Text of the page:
Schroeder backs rightist banover Holocaust comments
24 January 2005, BERLIN - Chancellor Gerhard Schroeder said on Monday his government would probably make a second attempt to ban a far-right party amid outrage over a comparison of wartime Allied bombing of Dresden with the Holocaust. "This is a derogatory position," said Schroeder at a news conference, adding: "Germany ... has learned from its history not to give racism and anti-Semitism even the trace of a chance." Schroeder said he regretted that Germany's highest court had overturned his government's e
24 January 2005
BERLIN - Chancellor Gerhard Schroeder said on Monday his government would probably make a second attempt to ban a far-right party amid outrage over a comparison of wartime Allied bombing of Dresden with the Holocaust.
"This is a derogatory position," said Schroeder at a news conference, adding: "Germany ... has learned from its history not to give racism and anti-Semitism even the trace of a chance."
Schroeder said he regretted that Germany's highest court had overturned his government's earlier ban of the National Democratic Party of Germany (NPD) on technical grounds in 2003 after it was revealed evidence was tainted because it came from state-paid agents who infiltrated the party's leadership.
"We have to examine if there is now a chance to convince the judiciary of a ban," said Schroeder, adding he was convinced the anti-foreigner NPD - which has 5,000 members nationwide - was seeking to overthrow the constitutional system.
The Chancellor's remarks came after prosecutors in the eastern city of Dresden said they were unable to take action over a speech made last week in Saxony's state parliament by a NPD deputy leader Holger Apfel who described the Allied bombing of Dresden in World War Two as a "bombing holocaust".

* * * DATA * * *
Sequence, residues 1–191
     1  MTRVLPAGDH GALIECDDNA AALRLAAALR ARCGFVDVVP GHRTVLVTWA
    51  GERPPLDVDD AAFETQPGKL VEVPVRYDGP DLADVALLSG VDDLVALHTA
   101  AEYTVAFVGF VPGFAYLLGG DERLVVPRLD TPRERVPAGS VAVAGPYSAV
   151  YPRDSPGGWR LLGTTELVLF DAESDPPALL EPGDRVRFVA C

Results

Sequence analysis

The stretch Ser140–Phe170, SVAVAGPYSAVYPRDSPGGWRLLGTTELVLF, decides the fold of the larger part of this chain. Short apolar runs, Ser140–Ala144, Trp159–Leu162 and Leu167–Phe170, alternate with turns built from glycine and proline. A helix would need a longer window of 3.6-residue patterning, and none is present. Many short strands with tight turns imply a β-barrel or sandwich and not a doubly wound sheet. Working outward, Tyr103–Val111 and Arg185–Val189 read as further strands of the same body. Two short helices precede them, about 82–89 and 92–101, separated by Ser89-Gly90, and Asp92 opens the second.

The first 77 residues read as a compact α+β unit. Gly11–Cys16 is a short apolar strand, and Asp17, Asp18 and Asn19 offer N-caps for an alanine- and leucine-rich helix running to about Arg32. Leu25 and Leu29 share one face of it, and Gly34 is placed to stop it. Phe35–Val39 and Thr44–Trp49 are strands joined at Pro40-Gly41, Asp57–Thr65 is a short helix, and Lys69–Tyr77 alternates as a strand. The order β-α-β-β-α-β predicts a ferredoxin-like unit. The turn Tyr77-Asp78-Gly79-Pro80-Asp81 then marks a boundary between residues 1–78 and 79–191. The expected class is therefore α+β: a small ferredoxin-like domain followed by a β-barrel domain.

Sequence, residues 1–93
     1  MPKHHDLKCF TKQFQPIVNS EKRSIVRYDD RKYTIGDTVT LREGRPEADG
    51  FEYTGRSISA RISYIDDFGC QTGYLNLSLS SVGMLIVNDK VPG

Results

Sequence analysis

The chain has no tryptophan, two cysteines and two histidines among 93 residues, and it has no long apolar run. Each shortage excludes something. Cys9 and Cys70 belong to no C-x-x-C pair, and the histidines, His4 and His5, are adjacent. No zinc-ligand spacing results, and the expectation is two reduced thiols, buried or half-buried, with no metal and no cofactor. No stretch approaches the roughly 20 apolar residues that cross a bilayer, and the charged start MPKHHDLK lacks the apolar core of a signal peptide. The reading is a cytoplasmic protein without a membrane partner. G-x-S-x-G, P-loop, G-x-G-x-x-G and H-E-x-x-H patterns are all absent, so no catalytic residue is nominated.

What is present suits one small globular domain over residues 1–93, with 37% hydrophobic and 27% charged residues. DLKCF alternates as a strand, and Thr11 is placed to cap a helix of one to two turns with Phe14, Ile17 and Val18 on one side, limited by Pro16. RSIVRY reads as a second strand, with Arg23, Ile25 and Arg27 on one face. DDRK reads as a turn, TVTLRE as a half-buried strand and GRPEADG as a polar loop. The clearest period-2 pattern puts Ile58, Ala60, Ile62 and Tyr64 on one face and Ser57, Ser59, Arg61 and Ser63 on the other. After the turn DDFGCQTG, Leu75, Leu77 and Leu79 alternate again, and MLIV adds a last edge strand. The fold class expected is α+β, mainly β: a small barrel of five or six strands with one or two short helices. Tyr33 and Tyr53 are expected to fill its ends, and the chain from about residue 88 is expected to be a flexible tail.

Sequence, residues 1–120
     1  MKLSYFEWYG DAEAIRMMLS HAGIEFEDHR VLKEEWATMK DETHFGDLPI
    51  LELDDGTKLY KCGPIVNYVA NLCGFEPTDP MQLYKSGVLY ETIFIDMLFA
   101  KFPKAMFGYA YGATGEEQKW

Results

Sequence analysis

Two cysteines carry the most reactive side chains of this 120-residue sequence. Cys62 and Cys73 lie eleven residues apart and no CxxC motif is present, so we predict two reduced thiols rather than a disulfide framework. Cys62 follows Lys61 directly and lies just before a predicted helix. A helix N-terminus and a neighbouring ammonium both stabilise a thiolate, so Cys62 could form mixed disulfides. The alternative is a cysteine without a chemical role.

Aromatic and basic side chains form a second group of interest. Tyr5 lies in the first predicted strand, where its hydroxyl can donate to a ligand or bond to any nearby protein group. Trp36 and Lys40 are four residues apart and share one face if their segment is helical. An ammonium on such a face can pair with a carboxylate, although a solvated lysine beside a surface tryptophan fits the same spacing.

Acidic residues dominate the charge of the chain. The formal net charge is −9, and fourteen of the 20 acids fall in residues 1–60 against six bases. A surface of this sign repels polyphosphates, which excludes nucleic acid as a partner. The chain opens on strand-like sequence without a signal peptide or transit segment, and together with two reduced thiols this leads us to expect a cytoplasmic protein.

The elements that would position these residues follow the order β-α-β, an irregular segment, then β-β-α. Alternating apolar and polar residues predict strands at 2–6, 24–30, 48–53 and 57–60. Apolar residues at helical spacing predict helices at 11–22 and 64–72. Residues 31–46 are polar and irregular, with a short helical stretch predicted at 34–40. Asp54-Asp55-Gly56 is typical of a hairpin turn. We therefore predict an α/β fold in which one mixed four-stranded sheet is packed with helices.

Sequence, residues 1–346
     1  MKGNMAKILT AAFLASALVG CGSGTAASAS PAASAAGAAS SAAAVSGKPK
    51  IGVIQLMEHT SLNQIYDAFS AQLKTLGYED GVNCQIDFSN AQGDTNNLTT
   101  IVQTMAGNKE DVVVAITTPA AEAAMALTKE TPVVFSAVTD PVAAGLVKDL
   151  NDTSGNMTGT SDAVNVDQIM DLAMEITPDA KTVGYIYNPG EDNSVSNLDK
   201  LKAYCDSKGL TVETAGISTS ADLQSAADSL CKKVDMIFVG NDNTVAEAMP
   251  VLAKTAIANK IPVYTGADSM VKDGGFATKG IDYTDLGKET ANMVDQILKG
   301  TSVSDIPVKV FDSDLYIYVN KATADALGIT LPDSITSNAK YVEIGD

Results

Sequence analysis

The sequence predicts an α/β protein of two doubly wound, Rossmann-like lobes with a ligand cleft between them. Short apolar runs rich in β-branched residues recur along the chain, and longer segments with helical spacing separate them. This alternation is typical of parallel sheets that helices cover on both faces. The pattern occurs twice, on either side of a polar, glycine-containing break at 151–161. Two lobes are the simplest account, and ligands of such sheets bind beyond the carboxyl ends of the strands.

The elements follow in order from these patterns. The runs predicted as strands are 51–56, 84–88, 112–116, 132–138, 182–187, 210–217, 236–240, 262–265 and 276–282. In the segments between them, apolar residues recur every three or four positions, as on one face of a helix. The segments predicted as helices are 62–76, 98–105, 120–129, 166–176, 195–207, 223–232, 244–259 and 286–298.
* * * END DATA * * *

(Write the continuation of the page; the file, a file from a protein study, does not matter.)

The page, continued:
Under German law, members of parliament cannot be prosecuted or face disciplinary action for things said in state or federal assemblies. Under normal circumstances Germany has strict laws banning either denying the Holocaust or insulting the memory of victims.
At least 25,000 people were killed in the February 1945 firebombing of Dresden by the British and American planes.
In the same session, NPD deputies remained seated while other members of the state legislature rose and observed a minute of silence for the millions who died at the hands of the Nazis.
The incident came less than a week before world leaders gather in Poland to mark the 60th anniversary of the liberation of the Nazi death camp Auschwitz where at least 1.1 million people - most of them Jews - were murdered during the Holocaust.
Following lifting of the NPD ban, the party made a swift political comeback and won 9.2 per cent in Saxony's state elections last September. The rightists now have 12 seats in the state's Landtag or parliament.
Also alarming to state officials is a secret alliance between the NPD and several other members of the Landtag which has repeatedly given the rightist party more than its 12 votes.
This has fueled an atmosphere of bitter suspicion in the state legislature and tarnished Saxony's otherwise shining reputation for attracting major international companies including chipamaker AMD, Porsche, BMW, Volkswagen and most recently DHL air cargo.
Local leaders fear the NPD may drive away international business from Saxony.
At the same time that the NPD gained a foothold in the Saxony parliament, another rightwing party, the German People's Union (DVU), did so in the eastern German state of Brandenburg, winning 6.1 per cent of the vote in that state's elections in September.
The NPD and DVU formally agreed to forge an election alliance aimed at gaining entry into the German national parliament in elections in the autumn of 2006.
Germany's domestic security agency, the Verfassungsschutz, says the NPD wants foreigners to be expelled from Germany and accuses the party of playing down Nazi crimes and spreading anti-Semitic propaganda.
Subject: German news